At Contemporary Calgary’s Brutal Visions show last year, I had the chance to attend a talk by featured artist Clemens Gritl. The talk explored the movement to which Contemporary Calgary’s home, Jack Long’s Centennial Planetarium, belongs: brutalism. In highlighting the critiques, aspirations, and failures of this experimental era, the discussion presented an honest criterion for one to not only form an opinion on brutalist architecture, but ponder its place in today’s landscape.

Gritl in turn spoke about his love of brutalist architecture, and the inspirations for his series of monolithic renders titled A Future City From The Past. Upon initially entering Gritl’s gallery, I was quickly reminded of why the brutalist movement remains so divisive; the comparatively rosy real-life examples displayed earlier in the museum’s ring gallery evaporating upon entering Gritl’s showcase. Confined in an aptly claustrophobic room, I became immersed (or rather, trapped) in Gritl’s Metal Hurlant-esque world.

A Future City From the Past presents a terrifyingly quiet cityscape of vacuous megastructures. In the gallery, the prints tipped inward, forcing one’s eyes to climb the heights of the monstrous buildings. Many of the works are rendered from the ground level, dropping viewers directly into the dirty and cold streets of Gritl’s seemingly infinite metropolis. While Gritl teases an empty, flat, white horizon in most of his renders, sunlight is notably muted on the street level, emphasized by a stark black and white filter.

The hypothetical structures, and the broader city they inhabit, instill discomfort not only because of their scale, but because of their familiarity. Gritl’s subjects are parkades, apartment blocks, and shopping centres – staples of modern urban landscapes which have a relatively benign presence. Yet, when framed in such a direct, almost sacred, light, the structures’ overbearing dominance and teetering masses are anything but benevolent. Whether the apartment complex in NO#06-220145-05 or the hive-like ramp in NO#03-090220-05 pervert or wholeheartedly embraces Le Corbusier’s “living machine” concept is up for interpretation, though it would be hard to argue A Future City From The Past alleviates brutalist fears, with the nightmarish concrete sceneries looking more akin to an Andrei Tarkovsky set than a harmonious urban plan.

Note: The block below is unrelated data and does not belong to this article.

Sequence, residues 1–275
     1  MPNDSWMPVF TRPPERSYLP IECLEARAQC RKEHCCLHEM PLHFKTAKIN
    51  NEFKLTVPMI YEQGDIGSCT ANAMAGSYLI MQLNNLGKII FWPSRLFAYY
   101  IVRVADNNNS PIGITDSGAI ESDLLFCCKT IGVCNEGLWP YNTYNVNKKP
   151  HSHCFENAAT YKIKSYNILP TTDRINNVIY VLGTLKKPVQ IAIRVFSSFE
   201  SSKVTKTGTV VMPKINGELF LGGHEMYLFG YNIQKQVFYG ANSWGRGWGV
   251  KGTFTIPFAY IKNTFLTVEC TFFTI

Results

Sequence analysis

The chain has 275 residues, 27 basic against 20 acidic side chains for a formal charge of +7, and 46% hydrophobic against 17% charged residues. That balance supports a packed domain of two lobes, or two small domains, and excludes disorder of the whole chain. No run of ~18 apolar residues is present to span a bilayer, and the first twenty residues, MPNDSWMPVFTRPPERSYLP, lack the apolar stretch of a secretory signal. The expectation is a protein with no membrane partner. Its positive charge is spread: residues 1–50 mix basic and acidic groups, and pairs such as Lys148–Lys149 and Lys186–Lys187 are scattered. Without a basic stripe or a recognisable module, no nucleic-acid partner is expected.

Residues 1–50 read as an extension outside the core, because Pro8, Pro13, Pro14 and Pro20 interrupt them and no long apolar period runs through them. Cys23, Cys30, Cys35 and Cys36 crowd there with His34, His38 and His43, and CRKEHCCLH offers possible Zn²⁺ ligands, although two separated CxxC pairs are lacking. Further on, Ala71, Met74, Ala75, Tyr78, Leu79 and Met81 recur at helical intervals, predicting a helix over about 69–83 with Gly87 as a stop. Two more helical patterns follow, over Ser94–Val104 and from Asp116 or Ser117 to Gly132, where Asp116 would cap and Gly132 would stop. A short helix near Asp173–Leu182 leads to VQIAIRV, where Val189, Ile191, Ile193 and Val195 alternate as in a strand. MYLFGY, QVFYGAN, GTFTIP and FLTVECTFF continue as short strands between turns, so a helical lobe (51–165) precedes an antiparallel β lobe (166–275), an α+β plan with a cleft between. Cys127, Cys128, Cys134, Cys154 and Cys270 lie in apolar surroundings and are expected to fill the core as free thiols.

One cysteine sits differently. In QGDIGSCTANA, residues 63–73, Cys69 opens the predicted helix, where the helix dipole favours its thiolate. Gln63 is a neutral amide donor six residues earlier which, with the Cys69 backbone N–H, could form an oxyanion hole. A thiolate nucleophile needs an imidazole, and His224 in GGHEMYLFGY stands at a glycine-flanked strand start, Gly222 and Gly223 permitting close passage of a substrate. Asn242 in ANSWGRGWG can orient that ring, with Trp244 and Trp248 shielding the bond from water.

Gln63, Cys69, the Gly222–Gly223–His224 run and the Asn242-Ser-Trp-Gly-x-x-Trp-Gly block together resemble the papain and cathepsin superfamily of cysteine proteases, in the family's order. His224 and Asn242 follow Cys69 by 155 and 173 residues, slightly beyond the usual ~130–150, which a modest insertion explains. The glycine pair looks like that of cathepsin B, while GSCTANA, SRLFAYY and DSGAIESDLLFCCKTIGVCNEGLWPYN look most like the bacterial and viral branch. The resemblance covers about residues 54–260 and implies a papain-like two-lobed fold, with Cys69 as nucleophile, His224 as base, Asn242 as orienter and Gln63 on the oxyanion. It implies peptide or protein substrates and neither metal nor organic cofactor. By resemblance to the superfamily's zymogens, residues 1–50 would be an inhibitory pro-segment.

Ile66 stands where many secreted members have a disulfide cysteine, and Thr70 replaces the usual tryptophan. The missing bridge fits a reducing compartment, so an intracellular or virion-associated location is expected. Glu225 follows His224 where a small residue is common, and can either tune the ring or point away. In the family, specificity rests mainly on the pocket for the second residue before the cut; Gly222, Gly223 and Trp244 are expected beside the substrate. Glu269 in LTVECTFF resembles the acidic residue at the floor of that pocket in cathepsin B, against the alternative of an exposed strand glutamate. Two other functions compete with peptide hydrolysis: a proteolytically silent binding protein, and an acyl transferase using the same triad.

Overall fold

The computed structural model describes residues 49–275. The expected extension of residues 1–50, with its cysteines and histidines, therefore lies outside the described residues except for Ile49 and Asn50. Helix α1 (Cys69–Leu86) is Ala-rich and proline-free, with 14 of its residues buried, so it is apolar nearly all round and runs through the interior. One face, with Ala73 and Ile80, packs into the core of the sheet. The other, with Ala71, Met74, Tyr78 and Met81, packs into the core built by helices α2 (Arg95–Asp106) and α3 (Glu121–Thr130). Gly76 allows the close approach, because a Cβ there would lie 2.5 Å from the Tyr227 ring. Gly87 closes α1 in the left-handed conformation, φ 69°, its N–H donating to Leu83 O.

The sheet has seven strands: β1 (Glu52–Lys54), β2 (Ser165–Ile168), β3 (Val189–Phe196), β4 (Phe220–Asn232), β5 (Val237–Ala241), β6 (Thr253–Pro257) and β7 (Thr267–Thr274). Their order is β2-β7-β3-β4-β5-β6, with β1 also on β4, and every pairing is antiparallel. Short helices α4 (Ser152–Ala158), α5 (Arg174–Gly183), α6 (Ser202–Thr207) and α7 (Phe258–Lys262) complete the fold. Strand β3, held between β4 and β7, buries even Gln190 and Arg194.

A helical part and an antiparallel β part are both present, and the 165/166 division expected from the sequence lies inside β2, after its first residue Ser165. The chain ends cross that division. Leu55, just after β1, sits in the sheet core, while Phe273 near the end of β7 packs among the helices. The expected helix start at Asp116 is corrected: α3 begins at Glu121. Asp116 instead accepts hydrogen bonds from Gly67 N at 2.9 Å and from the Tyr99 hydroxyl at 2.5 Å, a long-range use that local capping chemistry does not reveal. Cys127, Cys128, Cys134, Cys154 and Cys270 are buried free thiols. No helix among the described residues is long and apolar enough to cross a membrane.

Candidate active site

While eventually concrete government buildings would come to be associated with fortress-like arrogance, throughout much of the 1960s, they projected an image of hope and confidence.

Sirman 2016, 15

During his talk, Gritl stated his inspiration for these structures sprung not only from the brutalist movement, but from his love of horror films, like George Romero’s zombie epics. Like the abandoned streets of Dawn of the Dead, Gritl’s city looks as though it has not seen life for some time. The city is a monster unto itself, with the buildings’ long shadows hiding some sort of horrific secret. Playing with old brutalist fears, Gritl has created a fascinating worst-case scenario. With no people, movement, or life of any kind, Gritl’s brutalist paradise inspires – even celebrates – unease. In musing about what the movement’s absolute triumph could have looked like, its dehumanizing effects shine through brightest.

Philosophically, the New Brutalism aimed for an uninhibited experience of basic building materials and domestic spaces that was available to everyone, regardless of class, gender, or nationality.

Derdiger 2016, 56

Furthermore, the fact that Gritl chose to render his constructions rather than draw, paint, or sculpt them gives his city an appropriately geometric, and realistic, look. The texturing, though uniform, incorporates details like dirt, water stains, and cracks into the concrete and asphalt, suggesting use (or neglect). In examining the details, I eventually found myself glazing over the hundreds of windows and archways, looking for some sign of life. This search was, of course, futile. It begs the question of whether this city has been abandoned, or whether it is in fact populated, with citizens relegated to their respective compartments, shut away from the outside world. As the forward on Gritl’s website states:

It is fascinating to imagine how a prefabricated, futuristic metropolis would age, and what atmosphere an endless manmade landscape, constructed of only concrete and asphalt, would generate. What impact would such a massive concentration of sculptural architecture have on mankind? Could such a city succeed in producing a functional society, or would it automatically plunge into menacing social dysfunction?

Both utopian and dystopian, fears of this wildly misdirected cement-laden future permeate for good reason. Featuring Gritl’s nightmare fueled urban fantasy make one view the style in a more welcoming light. While our cities certainly aren’t the harmonious manmade caverns the movement’s founders imagined, they aren’t Judge Dredd’s MegaCity One either; their concrete roots seldom creeping out to infect the surrounding landscape.

I feel both a newfound love and pity for these relics, misunderstood because of their foreboding nature. I left the gallery both eager to explore its real-life remnants, and thankful I didn’t live in Gritl’s version of it, exciting as it was to visit.


Sirman, Brian M. “Yankee Brutalism: Concrete Architecture in New England, 1957-1977.” Historical Journal of Massachusetts Vol. 24 (2) (Summer 2016): 2-21.

Bush, Donald J. “Streamlining and the American Industrial Design.” Leonardo Vol. 7 (4) (1974): 309-317.

Derdiger, Paula. “To Drag Out a Rough Poetry: Colin MacInnes and the New Brutalism in Postwar Britain.” Modern Fiction Studies Vol. 62(1) (2016): 53-69.

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